The COVID-19 pandemic is not a break for nature – let’s make sure there is one after the crisis
In the midst of the COVID-19 pandemic, global media is reporting on a “silver lining” of the crisis: that nature is getting a break as people are forced to stay home. Penguins on the streets of Cape Town, a kangaroo roaming around Adelaide and a crab-eating fox exploring Bogotá suburbs are just a few examples. These stories are coupled with reports of clean air over Delhi, Seoul and even Los Angeles.
However, these reports give the misleading impression that Mother Earth stands to benefit from the restrictions on movement imposed on people around the world, especially in cities.
Unfortunately, outside urban areas, the situation is very different. In rural areas, there is less wealth and the main savings account for people is nature, with hunting, fishing and logging necessary to provide food and support livelihoods. People who moved to cities and have now lost their employment and income opportunities due to the quarantines are returning to their rural homes, further increasing the pressure on natural resources while also increasing the risk of COVID-19 transmission to rural areas.
At the same time, opportunistic actors and criminal groups involved in land-grabbing, deforestation, illegal mining and wildlife poaching are taking advantage of the fact that governments are focused on COVID-19 instead of on conservation. There are reports of increased deforestation in Asia, Africa and Latin America. Areas dependent on tourism to fund conservation – such as community conservancies in Kenya and iconic natural World Heritage Sites like the Galápagos, Ecuador and the Tubbataha Reef in the Philippines – are facing reduced resources as tourism has come to a halt. Meanwhile, illegal mining for gold and precious stones in Latin America and Africa is on the rise, as prices spike and protected areas are left unguarded.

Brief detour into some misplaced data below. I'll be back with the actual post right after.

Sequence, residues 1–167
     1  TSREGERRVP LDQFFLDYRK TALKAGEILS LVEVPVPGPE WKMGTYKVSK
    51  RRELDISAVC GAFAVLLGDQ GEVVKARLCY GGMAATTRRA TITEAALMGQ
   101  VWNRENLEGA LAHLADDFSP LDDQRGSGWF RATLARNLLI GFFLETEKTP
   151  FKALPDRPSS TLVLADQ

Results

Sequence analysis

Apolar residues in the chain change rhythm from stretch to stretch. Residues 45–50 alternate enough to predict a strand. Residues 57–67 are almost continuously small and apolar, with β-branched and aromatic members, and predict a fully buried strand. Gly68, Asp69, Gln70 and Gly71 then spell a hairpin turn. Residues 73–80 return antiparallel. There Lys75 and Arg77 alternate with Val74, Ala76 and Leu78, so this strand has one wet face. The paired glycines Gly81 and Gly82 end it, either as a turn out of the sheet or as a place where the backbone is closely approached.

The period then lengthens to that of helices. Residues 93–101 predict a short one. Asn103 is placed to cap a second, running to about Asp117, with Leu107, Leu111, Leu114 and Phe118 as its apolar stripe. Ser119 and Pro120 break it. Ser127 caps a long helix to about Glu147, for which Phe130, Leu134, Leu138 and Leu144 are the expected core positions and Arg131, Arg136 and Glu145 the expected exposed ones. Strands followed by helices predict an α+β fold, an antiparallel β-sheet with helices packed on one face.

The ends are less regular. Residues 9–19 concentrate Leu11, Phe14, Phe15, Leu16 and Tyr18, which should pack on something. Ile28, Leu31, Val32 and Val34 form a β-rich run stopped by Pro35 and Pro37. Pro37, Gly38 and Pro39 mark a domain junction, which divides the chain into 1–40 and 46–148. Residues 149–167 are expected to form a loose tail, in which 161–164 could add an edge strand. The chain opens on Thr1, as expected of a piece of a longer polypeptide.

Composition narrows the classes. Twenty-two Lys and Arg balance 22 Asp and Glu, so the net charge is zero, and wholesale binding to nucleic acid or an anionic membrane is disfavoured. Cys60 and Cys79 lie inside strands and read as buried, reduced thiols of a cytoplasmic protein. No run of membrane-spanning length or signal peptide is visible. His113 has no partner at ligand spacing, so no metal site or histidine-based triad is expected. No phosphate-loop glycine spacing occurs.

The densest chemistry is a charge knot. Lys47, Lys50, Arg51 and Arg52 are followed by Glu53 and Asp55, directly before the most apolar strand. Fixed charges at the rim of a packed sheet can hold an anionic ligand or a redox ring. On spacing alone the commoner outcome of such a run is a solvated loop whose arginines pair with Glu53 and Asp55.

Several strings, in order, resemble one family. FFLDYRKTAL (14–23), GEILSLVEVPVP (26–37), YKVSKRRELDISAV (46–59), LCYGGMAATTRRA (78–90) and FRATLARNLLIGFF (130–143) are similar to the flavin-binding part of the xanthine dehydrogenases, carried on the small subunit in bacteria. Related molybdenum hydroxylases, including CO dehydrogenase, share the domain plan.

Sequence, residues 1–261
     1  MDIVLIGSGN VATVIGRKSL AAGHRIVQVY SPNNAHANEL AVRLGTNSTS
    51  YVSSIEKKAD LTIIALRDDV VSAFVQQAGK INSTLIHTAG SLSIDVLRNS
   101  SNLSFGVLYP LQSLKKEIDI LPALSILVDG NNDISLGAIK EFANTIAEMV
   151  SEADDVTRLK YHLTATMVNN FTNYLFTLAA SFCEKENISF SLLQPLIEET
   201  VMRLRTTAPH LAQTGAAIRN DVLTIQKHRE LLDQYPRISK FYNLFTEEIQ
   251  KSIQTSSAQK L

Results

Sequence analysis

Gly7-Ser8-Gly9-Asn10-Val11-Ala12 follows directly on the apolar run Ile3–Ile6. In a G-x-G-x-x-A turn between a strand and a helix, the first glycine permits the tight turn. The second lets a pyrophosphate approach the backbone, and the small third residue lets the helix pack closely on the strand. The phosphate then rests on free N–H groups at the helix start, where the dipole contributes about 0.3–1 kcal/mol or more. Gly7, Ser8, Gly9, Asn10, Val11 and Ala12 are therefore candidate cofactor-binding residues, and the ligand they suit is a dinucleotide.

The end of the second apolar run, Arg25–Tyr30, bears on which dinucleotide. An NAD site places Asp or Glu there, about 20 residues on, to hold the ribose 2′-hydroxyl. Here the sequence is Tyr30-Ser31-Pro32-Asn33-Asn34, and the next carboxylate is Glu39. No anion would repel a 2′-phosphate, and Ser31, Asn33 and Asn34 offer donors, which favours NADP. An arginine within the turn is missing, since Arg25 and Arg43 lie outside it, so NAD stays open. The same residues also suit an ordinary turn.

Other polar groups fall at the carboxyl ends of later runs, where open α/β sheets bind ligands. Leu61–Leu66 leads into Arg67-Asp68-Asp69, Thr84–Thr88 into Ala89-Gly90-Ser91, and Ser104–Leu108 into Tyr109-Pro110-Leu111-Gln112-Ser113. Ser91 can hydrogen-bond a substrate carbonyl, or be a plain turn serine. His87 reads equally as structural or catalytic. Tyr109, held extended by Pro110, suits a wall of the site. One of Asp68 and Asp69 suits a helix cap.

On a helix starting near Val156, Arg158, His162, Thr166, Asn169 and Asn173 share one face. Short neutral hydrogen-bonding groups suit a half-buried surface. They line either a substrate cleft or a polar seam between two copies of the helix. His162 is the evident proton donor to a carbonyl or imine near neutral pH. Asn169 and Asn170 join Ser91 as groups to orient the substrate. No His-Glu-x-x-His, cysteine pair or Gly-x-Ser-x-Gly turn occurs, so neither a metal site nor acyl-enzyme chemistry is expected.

These increased pressures on nature and rural areas are expected to persist until economies rebound and governments are able to refocus on conservation. This gives the false impression that the protection of nature is a secondary concern in controlling disease outbreaks like the current pandemic. However, the failure of protection may be the cause of this and future outbreaks. Land use change is a major driver of disease transmission from wildlife to people. Species threatened by exploitation and habitat loss are twice as likely to be sources of zoonotic disease compared to other threats. As the biologist Thomas Lovejoy noted, “This pandemic is the consequence of our persistent and excessive intrusion in nature and the vast illegal wildlife trade.”